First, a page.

“What has happened to Shinuiju Dongbu Church now . . . father! Restoring that fallen church is my fervent hope and prayer. Someday a church will stand tall again in that place. Father, in that church where you shared the Gospel and pastored, I see a vision of your descendants sharing the Gospel.”

This pastor has been doing the dangerous ministry of setting up a shelter for North Koreans, sharing the Gospel with those traveling overseas, and training them to go back to North Korea. Because South Koreans cannot go into North Korea to share the Gospel, he has also been training ethnic Korean Chinese nationals and Mongolians who can enter North Korea.

There are North Korean evangelists who, in obedience to God’s Word, are risking death to accept Jesus while overseas and then return to North Korea. They are keeping the faith in the midst of persecution and danger, building the underground church and sharing the Gospel.

Among the one billion people that OMS is pursuing to share the Good News of Jesus with, there are 25 million North Koreans who have never heard the Gospel. They are waiting for someone to share with them. OMS has focused on training national evangelists in Korea since the start of the Korea Evangelical Holiness Church (KEHC) over 110 years ago. The North Koreans that we have discipled will rebuild the fallen North Korean church and bring salvation to the souls dying without knowing Jesus Christ. The North Korean underground Christians who have kept their faith through suffering will fulfill the task of being witnesses of the light of Jesus Christ all over the world. We ask for your prayers and support as this ministry is dangerous and difficult.

Rev. Sungho Kim, Sarangnaru adviser

Tags: north korea, reunification, reaching lost, gospel,

​Compassionate Ministry to North Koreans

November 14 2017

Sixty-seven long years have passed since the Korean War. As relations between North and South Korea grow more difficult and North Korea’s nuclear threats increase, prayer is urgently needed above all at this time. We believe that in the midst of all this, God has a wonderful plan for the lost people of North Korea. Here is an overview of a few of the ministries you can support:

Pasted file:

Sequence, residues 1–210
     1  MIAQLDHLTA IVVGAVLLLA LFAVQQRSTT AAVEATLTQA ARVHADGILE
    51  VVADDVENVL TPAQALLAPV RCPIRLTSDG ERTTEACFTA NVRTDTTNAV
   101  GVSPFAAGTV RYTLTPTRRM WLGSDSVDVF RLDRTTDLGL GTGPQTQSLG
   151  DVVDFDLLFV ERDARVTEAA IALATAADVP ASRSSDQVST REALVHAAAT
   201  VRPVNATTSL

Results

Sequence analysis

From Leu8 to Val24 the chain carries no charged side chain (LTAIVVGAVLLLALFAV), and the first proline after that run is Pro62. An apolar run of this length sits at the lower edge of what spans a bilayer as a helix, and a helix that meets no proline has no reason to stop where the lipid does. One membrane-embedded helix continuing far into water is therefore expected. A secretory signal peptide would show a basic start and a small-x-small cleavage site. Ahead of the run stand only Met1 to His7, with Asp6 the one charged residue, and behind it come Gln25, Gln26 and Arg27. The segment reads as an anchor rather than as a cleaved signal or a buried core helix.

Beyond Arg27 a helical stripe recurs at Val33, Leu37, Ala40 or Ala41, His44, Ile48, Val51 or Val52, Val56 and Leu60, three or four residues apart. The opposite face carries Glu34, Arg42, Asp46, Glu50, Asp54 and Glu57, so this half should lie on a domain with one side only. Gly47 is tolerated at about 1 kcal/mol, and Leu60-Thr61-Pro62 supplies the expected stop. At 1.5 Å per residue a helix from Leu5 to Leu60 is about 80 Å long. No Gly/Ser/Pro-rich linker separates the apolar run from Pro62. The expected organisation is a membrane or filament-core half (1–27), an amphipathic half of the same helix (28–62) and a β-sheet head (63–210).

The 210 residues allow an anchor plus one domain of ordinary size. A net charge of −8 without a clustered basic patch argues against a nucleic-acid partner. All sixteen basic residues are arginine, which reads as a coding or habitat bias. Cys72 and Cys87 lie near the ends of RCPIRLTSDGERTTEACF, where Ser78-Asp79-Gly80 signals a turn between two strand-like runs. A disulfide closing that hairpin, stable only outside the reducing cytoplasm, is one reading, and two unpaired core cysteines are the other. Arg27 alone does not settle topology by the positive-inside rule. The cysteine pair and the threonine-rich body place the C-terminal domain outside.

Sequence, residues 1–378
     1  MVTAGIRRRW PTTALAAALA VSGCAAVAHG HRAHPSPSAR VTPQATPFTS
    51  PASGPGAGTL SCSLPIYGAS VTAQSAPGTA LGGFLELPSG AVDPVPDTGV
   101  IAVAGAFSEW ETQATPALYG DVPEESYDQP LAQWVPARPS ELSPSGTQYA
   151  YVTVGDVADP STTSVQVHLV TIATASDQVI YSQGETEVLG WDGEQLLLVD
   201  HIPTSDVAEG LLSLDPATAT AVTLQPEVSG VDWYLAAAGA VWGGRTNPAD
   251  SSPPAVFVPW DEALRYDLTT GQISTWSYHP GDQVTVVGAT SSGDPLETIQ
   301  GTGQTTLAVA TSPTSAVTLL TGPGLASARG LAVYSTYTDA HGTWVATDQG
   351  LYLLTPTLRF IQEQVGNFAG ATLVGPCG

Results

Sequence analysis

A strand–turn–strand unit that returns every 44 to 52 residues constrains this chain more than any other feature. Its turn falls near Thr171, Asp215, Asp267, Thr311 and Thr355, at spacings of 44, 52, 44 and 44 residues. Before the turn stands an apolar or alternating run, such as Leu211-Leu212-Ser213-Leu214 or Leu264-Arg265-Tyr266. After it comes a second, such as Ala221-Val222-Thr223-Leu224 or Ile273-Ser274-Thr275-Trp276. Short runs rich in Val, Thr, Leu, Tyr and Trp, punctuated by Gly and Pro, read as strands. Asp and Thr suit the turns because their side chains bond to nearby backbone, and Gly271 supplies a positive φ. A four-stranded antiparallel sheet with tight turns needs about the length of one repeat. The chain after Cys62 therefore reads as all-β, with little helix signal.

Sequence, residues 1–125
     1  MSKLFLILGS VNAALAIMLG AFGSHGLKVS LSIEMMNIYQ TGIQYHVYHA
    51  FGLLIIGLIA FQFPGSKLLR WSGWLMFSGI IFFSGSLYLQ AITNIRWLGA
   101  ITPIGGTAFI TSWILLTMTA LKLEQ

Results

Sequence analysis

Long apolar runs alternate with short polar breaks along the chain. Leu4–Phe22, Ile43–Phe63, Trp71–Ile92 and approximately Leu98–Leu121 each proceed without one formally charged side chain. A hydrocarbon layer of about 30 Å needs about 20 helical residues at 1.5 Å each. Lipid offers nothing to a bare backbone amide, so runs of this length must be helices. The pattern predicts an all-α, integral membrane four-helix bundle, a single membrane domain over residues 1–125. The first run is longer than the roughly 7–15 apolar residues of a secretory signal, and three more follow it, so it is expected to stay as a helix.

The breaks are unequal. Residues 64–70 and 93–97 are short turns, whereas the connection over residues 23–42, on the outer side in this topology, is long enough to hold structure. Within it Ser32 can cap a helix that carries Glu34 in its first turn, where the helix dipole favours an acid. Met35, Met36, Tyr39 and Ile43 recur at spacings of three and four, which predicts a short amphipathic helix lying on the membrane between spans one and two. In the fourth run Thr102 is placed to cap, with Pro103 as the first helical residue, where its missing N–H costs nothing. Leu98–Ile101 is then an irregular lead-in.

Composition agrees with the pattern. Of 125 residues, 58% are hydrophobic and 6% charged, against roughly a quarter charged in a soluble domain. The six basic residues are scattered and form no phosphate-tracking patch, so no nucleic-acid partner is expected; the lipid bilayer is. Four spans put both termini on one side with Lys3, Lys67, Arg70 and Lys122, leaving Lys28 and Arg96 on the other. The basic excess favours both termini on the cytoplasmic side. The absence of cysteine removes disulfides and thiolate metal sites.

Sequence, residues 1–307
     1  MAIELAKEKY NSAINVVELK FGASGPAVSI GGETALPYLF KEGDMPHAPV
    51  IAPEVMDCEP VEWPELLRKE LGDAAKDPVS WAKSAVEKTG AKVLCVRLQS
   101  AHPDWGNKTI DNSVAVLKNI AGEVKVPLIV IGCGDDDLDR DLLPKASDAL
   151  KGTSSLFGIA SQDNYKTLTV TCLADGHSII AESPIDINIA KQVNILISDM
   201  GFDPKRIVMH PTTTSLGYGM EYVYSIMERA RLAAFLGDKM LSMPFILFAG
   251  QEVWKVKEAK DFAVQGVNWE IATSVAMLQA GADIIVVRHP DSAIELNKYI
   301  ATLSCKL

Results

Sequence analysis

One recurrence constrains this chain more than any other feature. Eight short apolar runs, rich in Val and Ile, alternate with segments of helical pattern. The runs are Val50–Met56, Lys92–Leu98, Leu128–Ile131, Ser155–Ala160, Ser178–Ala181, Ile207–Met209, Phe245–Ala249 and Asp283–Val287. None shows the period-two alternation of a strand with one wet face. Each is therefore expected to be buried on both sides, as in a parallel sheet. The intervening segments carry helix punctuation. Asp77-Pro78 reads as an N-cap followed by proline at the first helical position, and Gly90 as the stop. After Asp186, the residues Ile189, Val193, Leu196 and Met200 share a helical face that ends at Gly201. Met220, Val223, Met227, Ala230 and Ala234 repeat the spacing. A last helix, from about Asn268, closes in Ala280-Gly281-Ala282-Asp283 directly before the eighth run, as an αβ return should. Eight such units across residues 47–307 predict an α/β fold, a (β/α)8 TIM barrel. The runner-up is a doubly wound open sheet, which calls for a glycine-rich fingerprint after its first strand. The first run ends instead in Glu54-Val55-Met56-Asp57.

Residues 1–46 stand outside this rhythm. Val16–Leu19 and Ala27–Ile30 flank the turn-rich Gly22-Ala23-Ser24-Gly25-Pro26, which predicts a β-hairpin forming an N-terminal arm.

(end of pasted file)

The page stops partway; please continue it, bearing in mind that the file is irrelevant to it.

1. Ministries for North Korean refugees~Shelter ministries for North Korean refugees are taking place near the border of North Korea. One missionary was martyred for this ministry, but his wife is continuing this ministry. Prayers are needed for safety and fruit above all.

2. Ministry of food aid for North Korean children~A unique ministry of food aid for children is taking place through the cooperation of various organizations. As we hear in the news, many North Korean children are suffering from hunger, so prayer is needed for funds for this humanitarian food distribution for children.

3. Project to rebuild Korea Evangelical Holiness (KEHC) churches in North Korea~Before the Korean War, there were 134 KEHC churches in North Korea. So, local South Korean churches are being matched with them to raise resources to rebuild these 134 churches when unification comes. Prayers are needed for the fundraising strategy for this project.

4. Ministries for North Korean defectors~Prayers are needed for more denominational support and interest in the youth and educational ministries for North Korean defectors being carried out through the cooperation of Sarangnaru and One Mission Society.

5. North Korea Missions Committee~Through the activities of the North Korea Missions Committee, various forums and seminars are being held for North Korea and unification missions, as well as prayer networks, financial support, and participation in North Korea missions are being mobilized. Prayer is needed for more expert workers to participate in this ministry.

If you would like to donate to this ministry, please give here.

By Rev. Dr. Johnny J.H. Song, KEHC Missions Department Director

Tags: north korea refugee ministry, korean war, compassion care,